ROY D. KEMP: The remains of Roy D. Kemp who passed away at his home at East Moline arrived here Friday and the funeral was held at the M.E.church on Saturday with interment in the Olena Cemetery. (It was designed at this time as the North Cemetery as opposed to the Watson Cemetery to the east.)
The deceased was the son of Chas. Kemp and was a former Gladstone boy, having lived here during his entire life until about a year ago when he moved to East Moline. He was born in Gladstone Jan.24, 1891 and was married to Miss Nettie Jacobs Oct.11, 1911. His death was very sudden and although he had been in poor health in early spring, he was much improved and had resumed his work at the East Moline Furniture Co. He had worked on Wednesday and had retired in apparently good health. Sometime during the night his wife was awakened by his irregular breathing and a few minutes later he passed into the deep and everlasting sleep.
LOCAL AND AREA NEWS: The Woman's Civic League of Macomb recently inaugurated a "swat the fly" campaign by offering 20 cent per quart for dead flies, delivered on Mondays of each week. The children of the town got busy and when the first day for cashing in came, a total of 52 quarts of the dead disease germ spreaders were unloaded on the surpised members of the league.
The small balance in the treasury was wiped out by the unexpected heavy drafts upon the fly bounty fund. With open season for flies only fairly begun, the kids are getting wise to the new way of earning money. The ladies are faced with the necessity of either reducing the price or else devising new means for enhancing their financial receipts.
M.E.Beardsley made a business trip to Chicago. Thomas Bainter, an old gentleman of 80 years or more, who makes his home with his brother P.C.Bainter, south of Stronghurst, was severely bruised and otherwise injured by being thrown out of a buggy and dragged a short distance by a horse he was driving which was frightened by a passing automobile. Stock shipments to Chicago are as follows: Frank Gustafson-5 cars cattle; H.A.Adair-6 cars cattle; Frank Nelson and Sam Finch-1 load of hogs each.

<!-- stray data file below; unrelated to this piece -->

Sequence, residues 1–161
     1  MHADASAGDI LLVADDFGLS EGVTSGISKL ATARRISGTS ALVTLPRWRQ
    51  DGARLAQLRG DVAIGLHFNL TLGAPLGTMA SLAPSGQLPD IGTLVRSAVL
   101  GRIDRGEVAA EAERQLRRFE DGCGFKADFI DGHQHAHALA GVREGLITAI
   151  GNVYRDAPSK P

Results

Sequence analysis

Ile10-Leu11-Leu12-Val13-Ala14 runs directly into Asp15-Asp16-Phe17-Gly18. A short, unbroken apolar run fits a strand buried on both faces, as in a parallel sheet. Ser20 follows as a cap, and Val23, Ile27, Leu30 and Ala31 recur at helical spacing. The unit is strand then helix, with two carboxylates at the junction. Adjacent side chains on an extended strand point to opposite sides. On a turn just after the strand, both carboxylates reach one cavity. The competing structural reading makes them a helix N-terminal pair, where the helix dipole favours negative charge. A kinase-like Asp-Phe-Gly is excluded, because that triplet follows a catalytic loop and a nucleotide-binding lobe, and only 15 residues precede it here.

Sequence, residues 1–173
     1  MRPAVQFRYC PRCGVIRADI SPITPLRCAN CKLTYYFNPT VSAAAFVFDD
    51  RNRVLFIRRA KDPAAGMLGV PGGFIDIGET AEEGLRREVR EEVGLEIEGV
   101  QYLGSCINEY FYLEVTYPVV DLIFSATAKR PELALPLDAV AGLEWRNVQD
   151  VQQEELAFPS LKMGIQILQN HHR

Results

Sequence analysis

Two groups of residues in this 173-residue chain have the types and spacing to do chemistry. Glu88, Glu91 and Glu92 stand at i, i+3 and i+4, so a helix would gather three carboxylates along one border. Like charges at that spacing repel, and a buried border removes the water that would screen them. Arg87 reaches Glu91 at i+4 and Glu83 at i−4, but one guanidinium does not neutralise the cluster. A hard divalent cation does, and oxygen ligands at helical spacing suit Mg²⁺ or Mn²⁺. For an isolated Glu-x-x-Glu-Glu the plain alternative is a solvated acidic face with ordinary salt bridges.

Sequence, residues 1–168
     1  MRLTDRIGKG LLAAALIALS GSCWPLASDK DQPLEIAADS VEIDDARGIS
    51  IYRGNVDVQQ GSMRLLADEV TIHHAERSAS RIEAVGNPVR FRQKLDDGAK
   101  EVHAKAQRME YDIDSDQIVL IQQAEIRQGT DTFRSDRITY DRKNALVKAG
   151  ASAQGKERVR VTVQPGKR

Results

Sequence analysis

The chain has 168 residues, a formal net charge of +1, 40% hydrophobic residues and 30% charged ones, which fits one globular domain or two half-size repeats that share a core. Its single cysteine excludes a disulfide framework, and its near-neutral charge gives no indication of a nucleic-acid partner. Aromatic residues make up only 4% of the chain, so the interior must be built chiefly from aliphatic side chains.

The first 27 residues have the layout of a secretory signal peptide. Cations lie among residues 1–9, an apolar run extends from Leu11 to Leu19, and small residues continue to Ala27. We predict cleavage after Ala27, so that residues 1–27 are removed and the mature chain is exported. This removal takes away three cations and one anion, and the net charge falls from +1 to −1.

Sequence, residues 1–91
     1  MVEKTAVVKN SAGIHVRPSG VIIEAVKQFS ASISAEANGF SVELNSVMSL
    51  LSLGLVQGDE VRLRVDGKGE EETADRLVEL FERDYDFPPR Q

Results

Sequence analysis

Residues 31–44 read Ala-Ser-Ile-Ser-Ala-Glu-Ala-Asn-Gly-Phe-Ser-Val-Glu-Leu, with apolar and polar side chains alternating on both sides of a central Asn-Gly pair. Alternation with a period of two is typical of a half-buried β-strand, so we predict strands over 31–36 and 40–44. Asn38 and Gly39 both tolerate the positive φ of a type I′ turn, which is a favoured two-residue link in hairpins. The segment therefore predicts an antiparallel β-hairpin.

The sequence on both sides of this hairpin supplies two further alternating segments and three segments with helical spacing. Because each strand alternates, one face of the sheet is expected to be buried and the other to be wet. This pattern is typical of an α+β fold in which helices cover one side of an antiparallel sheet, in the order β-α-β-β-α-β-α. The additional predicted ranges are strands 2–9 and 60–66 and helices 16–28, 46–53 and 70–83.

The town is laying a stretch of sidewalk along the north side of the Reynolds restaurant property. Albert, the young son of Mrs. James Rankin who lives northeast of Stronghurst, accidentally shot himself through the index finger of his right hand while handling a 22 cal. target rifle. J.S.Lee and family from Kirkwood are at present domiciled in the rooms over the Jones grocery store, but expect later to occupy the old Dixon hotel property and will probably operate it as a boarding house. W. F. Allison and wife left on an automobile trip to Sabetha, Kan., the former home of Mrs. Allison.
In Galesburg a marriage license was issued to Jas. F. Huff of Blandinsville, Ill., and Miss Ruth Leinbach, daughter of Mr. and Mrs. S.E. Leinbach. Pretty reliable sources say the marriage took place in Galesburg. Mr. Fred Galbraith of Gladstone bought a new automobile in Burlington.
OQUAWKA OCCURRENCES: Charles Grassmiller of Oquawka has remodeled and improved his property on Schuyler St. and it is now an attractive residence. The Goemplar Bros received a fine new automobile manufactured by the Reed Co. Mr. Franks who is farming one of the Moir Bros. Iowa farms delivered 9000 bushels of corn to the market here moving it across on the ferry. Harry Holmes of San Franciso who has encircled the globe three times since leaving here 14 years ago, is visiting his parents, Rev. Holmes and family of Rozetta. Since leaving the navy, he has been employed as a Post Office inspector in California.